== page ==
Why Does My Gadget Say It's December 31, 1969?
If you’ve ever had the date on a cell phone, iPod, or computer software mysteriously switch to December 31, 1969, you may have thought it was simply random. However, the reason behind this odd glitch is a nice little tidbit of computer trivia.
Unix is a computer operating system that, in one form or another, is used on most servers, workstations, and mobile devices. It was launched in November 1971 and, after some teething problems, the “epoch date” was set to the beginning of the decade, January 1, 1970. What this means is that time began for Unix at midnight on January 1, 1970 GMT. Time measurement units are counted from the epoch so that the date and time of events can be specified without question. If a time stamp is somehow reset to 0, the clock will display January 1, 1970.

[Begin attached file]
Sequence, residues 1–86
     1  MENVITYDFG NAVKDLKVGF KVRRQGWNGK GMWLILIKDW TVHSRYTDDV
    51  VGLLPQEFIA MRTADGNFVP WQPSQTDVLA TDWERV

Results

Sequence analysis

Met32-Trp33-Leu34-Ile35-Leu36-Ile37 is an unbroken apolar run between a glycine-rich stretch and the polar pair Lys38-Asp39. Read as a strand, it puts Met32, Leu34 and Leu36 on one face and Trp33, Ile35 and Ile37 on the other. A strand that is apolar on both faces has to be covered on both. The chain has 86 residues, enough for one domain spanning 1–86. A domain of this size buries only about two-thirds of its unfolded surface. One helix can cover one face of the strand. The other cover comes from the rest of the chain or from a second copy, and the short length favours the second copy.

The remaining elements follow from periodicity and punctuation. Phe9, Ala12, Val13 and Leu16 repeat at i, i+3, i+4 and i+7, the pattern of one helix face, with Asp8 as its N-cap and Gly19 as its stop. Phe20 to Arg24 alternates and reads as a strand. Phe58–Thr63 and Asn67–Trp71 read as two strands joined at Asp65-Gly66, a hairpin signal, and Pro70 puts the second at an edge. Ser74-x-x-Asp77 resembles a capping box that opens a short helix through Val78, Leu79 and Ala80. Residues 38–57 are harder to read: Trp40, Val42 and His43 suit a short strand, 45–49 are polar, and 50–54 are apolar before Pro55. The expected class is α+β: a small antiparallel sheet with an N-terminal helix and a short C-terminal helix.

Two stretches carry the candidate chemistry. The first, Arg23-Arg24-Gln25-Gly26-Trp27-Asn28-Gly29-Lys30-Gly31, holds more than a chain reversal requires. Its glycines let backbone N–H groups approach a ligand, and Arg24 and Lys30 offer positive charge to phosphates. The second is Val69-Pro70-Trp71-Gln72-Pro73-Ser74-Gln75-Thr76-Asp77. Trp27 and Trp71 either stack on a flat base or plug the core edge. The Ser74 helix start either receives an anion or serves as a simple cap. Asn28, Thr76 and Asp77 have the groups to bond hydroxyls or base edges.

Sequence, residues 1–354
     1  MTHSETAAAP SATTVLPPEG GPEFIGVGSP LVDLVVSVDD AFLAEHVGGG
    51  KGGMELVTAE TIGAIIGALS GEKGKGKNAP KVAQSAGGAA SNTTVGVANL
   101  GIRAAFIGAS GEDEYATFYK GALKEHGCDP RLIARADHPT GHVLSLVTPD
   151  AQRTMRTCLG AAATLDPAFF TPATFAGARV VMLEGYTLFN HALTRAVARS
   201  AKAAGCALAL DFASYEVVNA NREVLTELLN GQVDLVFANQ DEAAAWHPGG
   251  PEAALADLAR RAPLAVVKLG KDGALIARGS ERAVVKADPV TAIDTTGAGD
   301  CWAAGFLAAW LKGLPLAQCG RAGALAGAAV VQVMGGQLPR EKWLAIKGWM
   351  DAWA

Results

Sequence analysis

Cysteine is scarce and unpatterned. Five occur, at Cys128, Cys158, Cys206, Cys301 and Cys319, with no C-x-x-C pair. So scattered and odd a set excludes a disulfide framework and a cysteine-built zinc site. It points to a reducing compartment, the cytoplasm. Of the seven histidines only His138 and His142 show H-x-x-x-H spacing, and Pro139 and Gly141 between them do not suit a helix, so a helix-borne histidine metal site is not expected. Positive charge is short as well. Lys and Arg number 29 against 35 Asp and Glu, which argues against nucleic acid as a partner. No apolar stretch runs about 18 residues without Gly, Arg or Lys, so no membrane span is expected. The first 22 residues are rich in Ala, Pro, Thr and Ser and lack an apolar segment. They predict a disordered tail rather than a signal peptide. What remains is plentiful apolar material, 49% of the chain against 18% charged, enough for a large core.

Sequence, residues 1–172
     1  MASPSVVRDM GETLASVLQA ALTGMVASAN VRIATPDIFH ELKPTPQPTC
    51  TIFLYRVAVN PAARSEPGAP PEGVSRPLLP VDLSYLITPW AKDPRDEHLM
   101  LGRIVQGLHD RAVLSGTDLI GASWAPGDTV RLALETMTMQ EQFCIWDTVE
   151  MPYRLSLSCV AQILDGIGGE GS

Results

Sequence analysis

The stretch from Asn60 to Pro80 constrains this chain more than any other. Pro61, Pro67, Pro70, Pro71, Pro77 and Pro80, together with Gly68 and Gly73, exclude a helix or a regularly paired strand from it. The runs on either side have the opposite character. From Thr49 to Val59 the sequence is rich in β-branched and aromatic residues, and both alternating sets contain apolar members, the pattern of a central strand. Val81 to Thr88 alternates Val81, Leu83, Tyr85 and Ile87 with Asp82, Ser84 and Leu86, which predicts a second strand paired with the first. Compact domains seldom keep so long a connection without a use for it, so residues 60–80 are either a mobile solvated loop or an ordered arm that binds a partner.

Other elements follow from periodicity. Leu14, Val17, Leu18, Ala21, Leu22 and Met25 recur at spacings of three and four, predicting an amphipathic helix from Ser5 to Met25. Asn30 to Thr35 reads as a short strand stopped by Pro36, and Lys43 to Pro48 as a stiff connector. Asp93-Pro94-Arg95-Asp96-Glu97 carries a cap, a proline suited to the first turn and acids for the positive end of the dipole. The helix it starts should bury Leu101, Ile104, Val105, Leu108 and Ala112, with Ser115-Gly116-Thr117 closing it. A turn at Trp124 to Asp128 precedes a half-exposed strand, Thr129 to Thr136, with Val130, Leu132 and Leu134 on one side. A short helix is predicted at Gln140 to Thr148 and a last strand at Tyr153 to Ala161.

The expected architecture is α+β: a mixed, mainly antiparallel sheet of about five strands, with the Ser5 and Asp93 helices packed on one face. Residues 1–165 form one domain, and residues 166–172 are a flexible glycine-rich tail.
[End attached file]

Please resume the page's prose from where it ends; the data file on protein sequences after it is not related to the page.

So where does December 31 fit in? It’s because you live in the Western Hemisphere. When it’s midnight in Greenwich, England, it’s still December 31st in America, where users will see December 31, 1969—the day before Unix’s epoch.
So how do you fix it? Simple. Just correct the date to the present time.
Learn more about Unix from Ken Thompson and Dennis Ritchie, two of the creators of Unix:
Tech geek? Get a giggle from these Unix jokes.